4. There are no eternal allies, but permanent interests. Interests create strange alliances, and these alliances are often ephemeral. For example, Saudi Arabia is one of the main allies of the USA, when their values, in principle, are totally contradictory.

After the description of geopolitical principles, the book reviews 27 geostrategies that have been recurrently used on the international scene. This section is very useful for understanding many of the movements or events occurring in the world. Some examples of such geo-strategies are:

-Theintimidation of a strong country towards other weak countries, using them for their own interests.

-Theencirclement and counterencirclement.

-Thekick to the ladder. Examples are the refusal of the atomic powers to allow others to join the nuclear club and the obligation that developed countries impose on underdeveloped economies to open up to the free market.

-Theweakening of the neighbor.

-The breaking point.

-Fostering divisionby sowing tares.

-Religious fervor as tool to gain followers.

-Goodism. In the Syrian war, we have seen killings by the Islamic State, but the killings by the international coalition, which in our eyes appear to be the rescuers of the Syrian people, have been systematically hidden.

¬Thecreation of the need. The need to buy weapons is based on concepts such as war on terrorism, preventive strategy, and others, which result in a fabulous business of buying and selling weapons.

-Indirect domination. Between 1946 and 2000 the White House has interfered in 81 elections in 45 countries, according to declassified CIA documents.

-Thecreation of the enemy. NATO and the USA encourage the enmity of Western countries towards Moscow, so that they become subordinate to NATO and ask it for protection and buy weapons from it,

-Themadman. This is a strategy used by North Korea, threatening catastrophic consequences to avoid being attacked.

Banos also exposes the mistakes that powers often make in their international actions. A couple of them are:

  1. Ignoring the idiosyncrasies of peoples. The Western world is composed, at most, of 900 million people. The rest of the world is home to 6.6 billion. On the other hand, globalization is basically Anglo-Saxon: not all peoples necessarily want to participate in it. And given the biased view we have of the world, we often have a wrong conception of other peoples. The sad reality is that many interventions abroad are carried out without any subject study or examination of the potential consequences on the cultures and peoples affected.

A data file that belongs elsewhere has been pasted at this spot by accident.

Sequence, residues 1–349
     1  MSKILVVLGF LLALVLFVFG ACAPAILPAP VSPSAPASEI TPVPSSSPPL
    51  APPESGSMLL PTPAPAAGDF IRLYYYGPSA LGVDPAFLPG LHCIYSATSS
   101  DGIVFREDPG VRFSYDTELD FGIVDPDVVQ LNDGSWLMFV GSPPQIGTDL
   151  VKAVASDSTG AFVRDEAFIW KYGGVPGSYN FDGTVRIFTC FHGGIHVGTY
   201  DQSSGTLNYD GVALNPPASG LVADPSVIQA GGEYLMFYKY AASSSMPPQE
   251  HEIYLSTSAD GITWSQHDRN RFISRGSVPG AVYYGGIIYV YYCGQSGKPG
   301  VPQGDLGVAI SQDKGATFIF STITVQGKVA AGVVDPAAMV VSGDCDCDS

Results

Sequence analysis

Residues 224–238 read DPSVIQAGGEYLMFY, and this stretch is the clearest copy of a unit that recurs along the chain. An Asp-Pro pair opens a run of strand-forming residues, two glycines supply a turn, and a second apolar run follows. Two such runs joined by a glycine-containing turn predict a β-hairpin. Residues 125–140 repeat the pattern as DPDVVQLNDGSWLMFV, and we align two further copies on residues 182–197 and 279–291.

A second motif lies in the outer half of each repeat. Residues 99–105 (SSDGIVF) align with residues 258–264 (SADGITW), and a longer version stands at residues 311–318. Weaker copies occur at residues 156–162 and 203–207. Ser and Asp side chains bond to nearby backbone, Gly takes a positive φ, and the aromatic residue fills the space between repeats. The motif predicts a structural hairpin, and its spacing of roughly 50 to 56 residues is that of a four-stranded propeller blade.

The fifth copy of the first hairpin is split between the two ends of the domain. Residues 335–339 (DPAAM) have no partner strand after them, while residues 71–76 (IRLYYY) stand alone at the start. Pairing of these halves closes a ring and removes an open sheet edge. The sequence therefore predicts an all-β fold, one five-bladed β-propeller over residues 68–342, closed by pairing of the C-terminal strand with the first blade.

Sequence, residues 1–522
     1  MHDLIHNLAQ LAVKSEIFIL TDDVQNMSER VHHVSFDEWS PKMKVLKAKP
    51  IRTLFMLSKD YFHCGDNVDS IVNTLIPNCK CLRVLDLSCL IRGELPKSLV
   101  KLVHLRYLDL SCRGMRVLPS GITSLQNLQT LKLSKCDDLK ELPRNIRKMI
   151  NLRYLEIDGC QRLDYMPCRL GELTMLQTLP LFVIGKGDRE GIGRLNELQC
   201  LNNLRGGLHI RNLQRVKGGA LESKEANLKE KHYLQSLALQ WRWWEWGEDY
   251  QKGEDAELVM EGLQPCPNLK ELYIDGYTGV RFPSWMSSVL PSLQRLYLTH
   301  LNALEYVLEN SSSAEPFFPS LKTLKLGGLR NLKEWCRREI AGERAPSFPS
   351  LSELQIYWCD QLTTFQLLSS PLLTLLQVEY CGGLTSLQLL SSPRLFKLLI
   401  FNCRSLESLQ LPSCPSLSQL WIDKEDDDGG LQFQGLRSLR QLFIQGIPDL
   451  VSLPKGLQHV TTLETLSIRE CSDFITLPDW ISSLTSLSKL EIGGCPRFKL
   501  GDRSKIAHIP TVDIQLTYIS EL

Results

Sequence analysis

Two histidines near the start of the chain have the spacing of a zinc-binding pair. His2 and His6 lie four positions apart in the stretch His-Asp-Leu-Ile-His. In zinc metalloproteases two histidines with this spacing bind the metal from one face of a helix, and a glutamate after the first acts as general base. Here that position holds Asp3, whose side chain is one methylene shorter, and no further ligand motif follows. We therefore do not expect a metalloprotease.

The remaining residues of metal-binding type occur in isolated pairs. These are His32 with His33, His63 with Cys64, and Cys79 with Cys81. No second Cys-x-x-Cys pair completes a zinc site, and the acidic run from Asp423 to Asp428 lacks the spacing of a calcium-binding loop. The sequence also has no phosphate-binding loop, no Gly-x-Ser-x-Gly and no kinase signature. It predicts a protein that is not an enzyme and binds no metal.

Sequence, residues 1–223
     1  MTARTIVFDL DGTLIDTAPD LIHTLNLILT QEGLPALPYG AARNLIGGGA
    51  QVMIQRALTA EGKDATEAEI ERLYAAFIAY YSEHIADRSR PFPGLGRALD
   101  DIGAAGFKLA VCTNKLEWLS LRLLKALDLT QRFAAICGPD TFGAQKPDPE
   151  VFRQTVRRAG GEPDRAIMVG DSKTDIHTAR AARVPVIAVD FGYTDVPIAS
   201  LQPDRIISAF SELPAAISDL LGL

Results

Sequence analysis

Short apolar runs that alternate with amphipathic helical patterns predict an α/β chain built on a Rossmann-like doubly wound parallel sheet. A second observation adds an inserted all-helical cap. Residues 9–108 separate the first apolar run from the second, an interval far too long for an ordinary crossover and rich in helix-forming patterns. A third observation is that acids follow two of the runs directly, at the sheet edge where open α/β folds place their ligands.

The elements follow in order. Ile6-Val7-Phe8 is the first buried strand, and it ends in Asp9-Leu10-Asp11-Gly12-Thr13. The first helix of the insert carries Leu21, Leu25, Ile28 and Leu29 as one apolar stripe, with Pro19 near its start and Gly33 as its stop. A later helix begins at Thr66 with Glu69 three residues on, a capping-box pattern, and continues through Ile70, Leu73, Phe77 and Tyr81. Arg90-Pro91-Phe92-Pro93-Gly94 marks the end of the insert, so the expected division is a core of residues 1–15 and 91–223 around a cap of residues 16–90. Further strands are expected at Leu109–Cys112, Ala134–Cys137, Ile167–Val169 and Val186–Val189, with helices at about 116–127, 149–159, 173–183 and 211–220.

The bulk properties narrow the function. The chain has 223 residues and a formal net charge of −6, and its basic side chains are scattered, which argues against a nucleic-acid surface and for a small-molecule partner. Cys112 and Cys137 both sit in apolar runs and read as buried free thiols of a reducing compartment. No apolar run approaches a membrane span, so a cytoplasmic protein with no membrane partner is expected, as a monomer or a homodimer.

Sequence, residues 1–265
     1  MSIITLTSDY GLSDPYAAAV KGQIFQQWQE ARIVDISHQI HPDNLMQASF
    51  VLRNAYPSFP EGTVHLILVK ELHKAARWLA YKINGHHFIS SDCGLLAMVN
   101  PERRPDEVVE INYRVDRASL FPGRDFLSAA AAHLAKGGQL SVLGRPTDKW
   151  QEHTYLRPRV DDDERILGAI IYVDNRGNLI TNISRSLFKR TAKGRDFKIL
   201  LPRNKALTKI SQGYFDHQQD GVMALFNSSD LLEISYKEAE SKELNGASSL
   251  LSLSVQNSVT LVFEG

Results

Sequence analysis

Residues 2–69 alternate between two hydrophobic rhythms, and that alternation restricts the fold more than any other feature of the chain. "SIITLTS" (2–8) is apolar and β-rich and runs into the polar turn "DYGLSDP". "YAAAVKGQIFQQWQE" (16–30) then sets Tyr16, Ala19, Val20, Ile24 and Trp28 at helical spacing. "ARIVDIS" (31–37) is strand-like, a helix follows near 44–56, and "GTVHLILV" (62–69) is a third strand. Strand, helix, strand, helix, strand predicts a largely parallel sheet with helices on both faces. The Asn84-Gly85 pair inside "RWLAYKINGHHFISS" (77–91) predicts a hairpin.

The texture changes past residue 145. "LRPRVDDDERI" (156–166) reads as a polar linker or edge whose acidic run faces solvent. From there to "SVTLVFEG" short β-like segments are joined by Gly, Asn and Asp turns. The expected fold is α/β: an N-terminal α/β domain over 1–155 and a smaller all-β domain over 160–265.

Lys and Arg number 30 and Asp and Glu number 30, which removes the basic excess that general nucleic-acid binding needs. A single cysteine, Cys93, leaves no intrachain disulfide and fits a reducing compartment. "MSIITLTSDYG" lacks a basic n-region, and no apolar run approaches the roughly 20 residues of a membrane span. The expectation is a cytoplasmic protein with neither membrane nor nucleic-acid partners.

2. Excessive self-confidence. There is no small enemy, not even an asymmetric one. With guerrilla tactics, even a group of peasants can become a real threat to the plans of a great power. In fact, history has repeatedly shown how those who have acted too confidently have been defeated by their more cautious adversaries.

Post-truth and disinformation

Pedro Baños stresses the importance of narratives. According to the author, to have one's own narrative is to win the game. The narrative makes reality mutate. And narratives become an instrument of emotional control of the population, which serves to justify what suits them.

On the other hand, it makes reference letter to the truth, which runs the risk of being reconstructed to justify national or corporate interests. The citizenry, says Colonel Baños, must be vigilant: "those who decide for us do so subtly, even resorting to the so-called 'post-truth', which is nothing but a big lie disguised as truth". As the author points out, the core topic of power is to influence a deliberately uninformed world, in which many conflicts of interest between states, individuals, companies, lobbies and powerful families are intermingled, all trying to exert as much influence as possible.

The cyber world is the new great stage for this battle. A very intense psychological and propaganda war is being waged there, led by fake news and disinformation. These two worlds (one physical and the other virtual) are connected by the human mind. That is why it is vital to be wary of attacks that, although we may not realize it, take place every day, veiled or not. The powers are in continuous action, with only one purpose, as Baños concludes: "to control the world and avoid being subjugated by another power. That is the only goal".

Categories Global Affairs: World order, diplomacy and governance Book reviews